I know young mothers who have switched, mid-stream, to feeding their babies as advised by "Nourishing Traditions", the encyclopedic book written by your hero, Sally Fallon Morrell. Some of these babies suffered from constant colic, others with failure-to-thrive...and many of them had been prescribed by conventional medicine to switch to soy milk. What a dumb answer. When these moms made the WAPF switch, against the 'sound advice' of their pediatricians, they saw an immediate improvement in the health of their children. And those same children thrive to this day. Not fat. Not sick. Eating meat. And eggs. And the saturated fats so necessary to the development of children.
I will not get into the debate between vegans, vegetarians and meat-eaters. Good grief. Do we not have enough contention in this world? HOWEVER, like another reader who left a comment, I want to be able to eat as I believe is best for me. I want to be able to share what I believe is good, too. And that means, I don't want to have people like you spitting out your contagious and venomous propaganda to those who just might benefit from seeing things from a different angle.
This age is the age of tolerance, and I would venture to guess that you are one who preaches it...Yet...where is yours? There is no one answer to eating. I am partial, yes, to WAPF, but I would not venture to pretend they have all the answers any more than you should venture to pretend you do.

Inuits, who meat industry lobbyist like WAPF(ironically and misleadingly) use as an “example of health,” life expectancy is 43.5 years.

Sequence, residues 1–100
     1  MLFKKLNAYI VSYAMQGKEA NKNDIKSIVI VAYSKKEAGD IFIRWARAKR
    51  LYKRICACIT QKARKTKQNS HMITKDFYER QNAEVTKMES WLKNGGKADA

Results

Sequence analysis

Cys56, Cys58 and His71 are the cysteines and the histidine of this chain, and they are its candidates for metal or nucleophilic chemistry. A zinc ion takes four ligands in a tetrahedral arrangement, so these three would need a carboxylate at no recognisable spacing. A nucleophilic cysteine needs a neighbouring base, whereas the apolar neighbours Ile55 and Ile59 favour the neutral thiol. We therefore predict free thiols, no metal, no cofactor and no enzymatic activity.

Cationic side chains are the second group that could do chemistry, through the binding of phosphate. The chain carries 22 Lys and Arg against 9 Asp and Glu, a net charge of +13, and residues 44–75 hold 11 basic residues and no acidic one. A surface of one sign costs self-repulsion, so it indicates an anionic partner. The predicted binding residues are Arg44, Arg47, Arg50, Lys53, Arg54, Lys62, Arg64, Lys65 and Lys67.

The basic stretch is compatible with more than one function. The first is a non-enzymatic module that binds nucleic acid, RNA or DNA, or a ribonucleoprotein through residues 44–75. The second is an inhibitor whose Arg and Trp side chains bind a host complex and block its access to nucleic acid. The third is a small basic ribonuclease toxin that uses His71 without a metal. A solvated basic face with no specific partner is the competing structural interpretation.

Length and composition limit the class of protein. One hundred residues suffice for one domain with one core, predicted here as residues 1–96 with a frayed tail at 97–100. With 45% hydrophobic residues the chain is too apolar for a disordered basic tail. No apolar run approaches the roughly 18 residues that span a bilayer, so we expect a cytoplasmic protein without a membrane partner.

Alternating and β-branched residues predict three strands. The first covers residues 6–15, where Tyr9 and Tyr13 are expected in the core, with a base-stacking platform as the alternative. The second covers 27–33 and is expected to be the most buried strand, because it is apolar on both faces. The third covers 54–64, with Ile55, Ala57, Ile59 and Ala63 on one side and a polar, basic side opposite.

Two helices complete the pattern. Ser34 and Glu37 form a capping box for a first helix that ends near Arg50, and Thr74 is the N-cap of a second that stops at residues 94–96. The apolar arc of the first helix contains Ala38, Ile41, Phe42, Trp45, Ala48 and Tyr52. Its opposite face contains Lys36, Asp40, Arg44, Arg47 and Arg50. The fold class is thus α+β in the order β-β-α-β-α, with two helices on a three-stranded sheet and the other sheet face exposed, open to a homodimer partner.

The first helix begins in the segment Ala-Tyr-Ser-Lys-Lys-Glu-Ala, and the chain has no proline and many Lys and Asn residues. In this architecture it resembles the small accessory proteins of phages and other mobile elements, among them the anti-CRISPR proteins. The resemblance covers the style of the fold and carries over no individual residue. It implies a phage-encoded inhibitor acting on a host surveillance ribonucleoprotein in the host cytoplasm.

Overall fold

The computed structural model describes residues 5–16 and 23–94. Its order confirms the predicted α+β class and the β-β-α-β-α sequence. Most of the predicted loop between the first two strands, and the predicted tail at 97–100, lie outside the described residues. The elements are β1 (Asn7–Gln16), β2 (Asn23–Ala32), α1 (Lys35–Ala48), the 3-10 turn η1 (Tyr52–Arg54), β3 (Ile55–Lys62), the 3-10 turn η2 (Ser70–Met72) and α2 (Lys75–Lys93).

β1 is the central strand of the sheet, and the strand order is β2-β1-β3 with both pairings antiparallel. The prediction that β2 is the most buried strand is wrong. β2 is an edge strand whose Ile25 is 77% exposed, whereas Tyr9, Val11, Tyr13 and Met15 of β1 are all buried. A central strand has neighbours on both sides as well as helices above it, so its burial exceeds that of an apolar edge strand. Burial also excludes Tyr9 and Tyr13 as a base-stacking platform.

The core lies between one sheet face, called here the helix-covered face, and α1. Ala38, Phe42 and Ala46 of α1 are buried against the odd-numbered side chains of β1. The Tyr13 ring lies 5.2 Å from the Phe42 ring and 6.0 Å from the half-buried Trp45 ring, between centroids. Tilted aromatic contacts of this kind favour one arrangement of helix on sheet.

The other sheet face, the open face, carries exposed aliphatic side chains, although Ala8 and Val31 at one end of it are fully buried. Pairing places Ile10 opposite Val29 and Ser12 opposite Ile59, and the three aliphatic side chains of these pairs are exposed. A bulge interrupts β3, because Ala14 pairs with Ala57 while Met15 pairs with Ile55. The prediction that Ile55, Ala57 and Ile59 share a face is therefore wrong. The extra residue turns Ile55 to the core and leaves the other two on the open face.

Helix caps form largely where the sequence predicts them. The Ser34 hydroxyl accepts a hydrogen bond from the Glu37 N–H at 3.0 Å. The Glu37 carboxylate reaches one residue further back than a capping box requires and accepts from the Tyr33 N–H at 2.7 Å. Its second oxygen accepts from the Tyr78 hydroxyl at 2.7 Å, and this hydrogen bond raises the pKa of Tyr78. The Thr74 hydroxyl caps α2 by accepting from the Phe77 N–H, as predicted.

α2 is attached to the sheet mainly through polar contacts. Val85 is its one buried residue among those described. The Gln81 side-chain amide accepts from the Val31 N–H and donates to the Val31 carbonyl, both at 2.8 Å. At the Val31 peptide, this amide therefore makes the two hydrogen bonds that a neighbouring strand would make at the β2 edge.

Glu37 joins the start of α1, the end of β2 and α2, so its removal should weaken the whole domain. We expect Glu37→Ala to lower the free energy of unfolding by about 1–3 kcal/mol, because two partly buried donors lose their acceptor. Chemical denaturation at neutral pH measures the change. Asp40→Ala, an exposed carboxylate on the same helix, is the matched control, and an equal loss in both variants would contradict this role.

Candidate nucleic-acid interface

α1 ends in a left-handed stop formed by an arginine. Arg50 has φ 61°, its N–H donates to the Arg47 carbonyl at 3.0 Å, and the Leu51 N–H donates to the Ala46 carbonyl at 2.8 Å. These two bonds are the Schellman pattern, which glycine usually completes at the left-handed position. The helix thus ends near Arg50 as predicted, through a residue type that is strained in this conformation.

Not only that. All the fat they consume is "natural" and unprocessed and their 3rd leading cause of death(suicide is number 1) is ischemic heart disease. Sound familiar?

Inuits have the highest osteoporosis rates in the world!!!

I just came through here via GirlieGirlArmy.com and wanted to just say how scary the comments on this blog post are. None of you really know much of anything, do you? Yet it's the internet, and everyone is a genius/anthropologist/historian/dietitian. Really people?

It's completely inaccurate to say that the WAPF are anti-soy.

They make it clear that the problem lies in soy that hasn't been adequately prepared, or that has undergone industrial processing. In other words, cheap mass-commodity soy milk (an offshoot of soy processing that's easy to package and sell) is best avoided, whilst traditionally-prepared soy foods like tempeh, miso, natto, shoyu, and tofu that has had a long fermentation period, are fine.

It's quick and easy to find their perspective on soy by reading their articles, which are nuanced and informative.

In reply to by Brian Cormack Carr (not verified)

There is nothing "nuanced and informative" about WAPF's position on soy -- or anything else, for that matter. They are to nutrition what Scientology is to mental health.

Sally Fallon has claimed that feeding infants soy formula can influence sexual orientation and lead to learning disabilities, despite any lack of scientific evidence for such a claim.

Tofu, by the way, is not a fermented food. And there's nothing wrong with organic, non-GMO soy milk.